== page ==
Tuesday, November 10, 2020

Punchline #1 Review

What's a Joke Without A Punchline?

Written By: James Tynion IV, Sam Johns
Art By: Mirka Andolfo, Romulo Fajardo Jr., Gabriela Downie
Cover Price: $4.99
Release Date: November 10, 2020

The breakout character of the Joker War is here with her very own issue to not only further her story but to also give a little background on Alexis Kaye, the girl who would be known as Punchline. Let's jump into this issue and see what Punchline's plans are now that she's captured and what Harper Row, Bluebird will do to make sure that those plans aren't enacted. Let's check it out.

In this issue we see James Tynion IV go and bring a bit of topical storytelling into the mix with a city divided about how they feel about Alexis Kaye, Punchline and normally I'm not a fan of this because it's just so over the top and in your face that there's no real escape from reality when you dive into a superhero comic, but it's not so on the nose here and it feels separated enough that it comes off fresh here, not to mention that with the trial of Punchline going on, I dig that Harper Row and Dr. Leslie Thompkins are the ones who have been trusted with making sure that justice is served for the Joker's latest accomplice.  

Now, I love that Harper Row is back and even more that she's back in costume. I've been missing her and wanting her back for a long time but really though, while she and Leslie seem to be the heroes of this book, this is more about her brother Cullen Row and his indoctrination into the ideals of Punchline because the majority of the book is Cullen listening to her podcast about her search for the truth about the Joker and what he's really trying to say behind his attacks on Gotham City and Batman, which while leads to a compelling character, actually leaves this book pretty boring and lacking completely in excitement because you're essentially reading someone listening to a podcast. By the end though, it seems that Alexis has gained a lot of fans with her story and is aware of the people who are trying to see her brought down and all of this seems to be exactly what she wants.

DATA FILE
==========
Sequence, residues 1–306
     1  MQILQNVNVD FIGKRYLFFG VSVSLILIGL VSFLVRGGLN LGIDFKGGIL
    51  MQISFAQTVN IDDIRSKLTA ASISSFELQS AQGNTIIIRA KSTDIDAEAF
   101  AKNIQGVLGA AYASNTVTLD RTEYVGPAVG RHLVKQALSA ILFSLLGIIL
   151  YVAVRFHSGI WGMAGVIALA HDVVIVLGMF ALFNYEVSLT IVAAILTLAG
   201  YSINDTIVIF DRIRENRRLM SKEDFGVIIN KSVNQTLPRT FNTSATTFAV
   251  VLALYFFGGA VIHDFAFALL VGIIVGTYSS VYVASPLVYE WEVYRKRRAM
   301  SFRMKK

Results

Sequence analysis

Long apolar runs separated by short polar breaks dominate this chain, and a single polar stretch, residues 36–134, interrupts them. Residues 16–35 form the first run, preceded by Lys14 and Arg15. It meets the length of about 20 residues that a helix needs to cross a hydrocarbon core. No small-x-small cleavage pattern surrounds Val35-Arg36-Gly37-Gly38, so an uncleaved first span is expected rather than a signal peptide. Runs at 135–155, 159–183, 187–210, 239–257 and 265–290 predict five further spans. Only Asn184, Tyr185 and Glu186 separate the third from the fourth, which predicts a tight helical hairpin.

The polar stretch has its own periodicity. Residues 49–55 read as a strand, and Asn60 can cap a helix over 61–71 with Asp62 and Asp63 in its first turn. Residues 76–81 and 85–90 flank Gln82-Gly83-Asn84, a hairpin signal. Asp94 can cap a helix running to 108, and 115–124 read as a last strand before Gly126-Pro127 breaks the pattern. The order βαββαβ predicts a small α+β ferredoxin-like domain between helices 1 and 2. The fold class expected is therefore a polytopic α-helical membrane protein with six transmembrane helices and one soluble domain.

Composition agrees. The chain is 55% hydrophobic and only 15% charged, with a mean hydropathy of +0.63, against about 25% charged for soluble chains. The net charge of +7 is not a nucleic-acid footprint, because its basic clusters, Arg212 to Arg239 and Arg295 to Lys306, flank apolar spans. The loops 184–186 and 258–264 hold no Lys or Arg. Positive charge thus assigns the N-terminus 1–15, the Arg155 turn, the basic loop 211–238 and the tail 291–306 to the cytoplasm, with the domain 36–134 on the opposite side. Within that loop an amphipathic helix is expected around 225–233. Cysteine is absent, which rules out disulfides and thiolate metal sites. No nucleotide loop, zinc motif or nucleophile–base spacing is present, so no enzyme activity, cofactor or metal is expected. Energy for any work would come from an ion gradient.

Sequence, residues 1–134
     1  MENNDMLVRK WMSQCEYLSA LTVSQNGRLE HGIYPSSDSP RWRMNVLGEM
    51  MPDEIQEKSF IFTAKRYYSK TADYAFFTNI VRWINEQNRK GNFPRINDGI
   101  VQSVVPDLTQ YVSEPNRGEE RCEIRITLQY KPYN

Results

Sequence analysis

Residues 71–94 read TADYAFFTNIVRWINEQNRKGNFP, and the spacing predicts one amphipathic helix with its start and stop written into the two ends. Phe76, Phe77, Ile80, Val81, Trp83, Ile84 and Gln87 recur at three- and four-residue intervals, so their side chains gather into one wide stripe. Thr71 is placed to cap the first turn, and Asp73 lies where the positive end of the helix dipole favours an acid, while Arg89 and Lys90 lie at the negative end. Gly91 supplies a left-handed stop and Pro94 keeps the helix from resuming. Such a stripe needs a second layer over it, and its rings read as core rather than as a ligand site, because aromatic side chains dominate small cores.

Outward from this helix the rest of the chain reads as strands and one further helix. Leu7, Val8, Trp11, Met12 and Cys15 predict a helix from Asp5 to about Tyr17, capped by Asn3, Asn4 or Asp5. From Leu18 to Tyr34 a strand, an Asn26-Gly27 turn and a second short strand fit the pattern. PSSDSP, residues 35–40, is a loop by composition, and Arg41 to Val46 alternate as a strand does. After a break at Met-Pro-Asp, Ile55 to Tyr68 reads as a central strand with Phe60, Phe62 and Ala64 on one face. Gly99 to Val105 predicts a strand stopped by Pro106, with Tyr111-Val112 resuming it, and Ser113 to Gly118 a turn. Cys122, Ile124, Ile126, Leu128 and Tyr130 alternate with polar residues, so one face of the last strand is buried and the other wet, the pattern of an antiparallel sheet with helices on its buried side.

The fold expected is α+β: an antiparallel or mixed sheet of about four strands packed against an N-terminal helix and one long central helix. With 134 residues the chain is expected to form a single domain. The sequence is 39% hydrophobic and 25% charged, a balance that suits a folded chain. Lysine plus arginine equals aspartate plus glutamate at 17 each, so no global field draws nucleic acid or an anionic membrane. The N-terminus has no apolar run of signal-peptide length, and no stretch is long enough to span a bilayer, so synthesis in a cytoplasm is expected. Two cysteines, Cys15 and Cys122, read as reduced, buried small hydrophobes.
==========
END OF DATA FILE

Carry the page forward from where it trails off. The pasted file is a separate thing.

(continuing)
All in all, I love what the art team brought to this book. The style in art, the colors, they're all just pretty perfect for what's going on here and while I thought that the story and character of Punchline was compelling, the way that the story was told left me kind of bored while reading and left me wondering if there was a better way to convey Punchline's journey into madness because watching someone listen to a podcast, with excessive narration boxes just comes off as over-written and a bit boring. So yeah, while I found this story compelling, I wish it was more exciting as it moved along and while I like the idea of a divided Gotham in how they see Punchline, a villain or a victim, it's hard for me to understand how people can think anyone who was helping the Joker take over the city, destroy and murder could be looked at in a sympathetic light, but I guess that could be the point of the story.

Bits and Pieces:

While I found the story compelling, I wish it were a bit more exciting in its execution because the way it came off, even with the things that I enjoyed, is that it was a bit over-written, and reading excessive narration boxes throughout a book is a bit of a slog. Even with that though, I did enjoy this issue and loved the art in this book and look forward to diving in deeper with Punchline.


1 comment:

  1. Is Sam Johns related to Geoff Johns? Maybe the world's greatest man child. Detective Shea, can get on this case?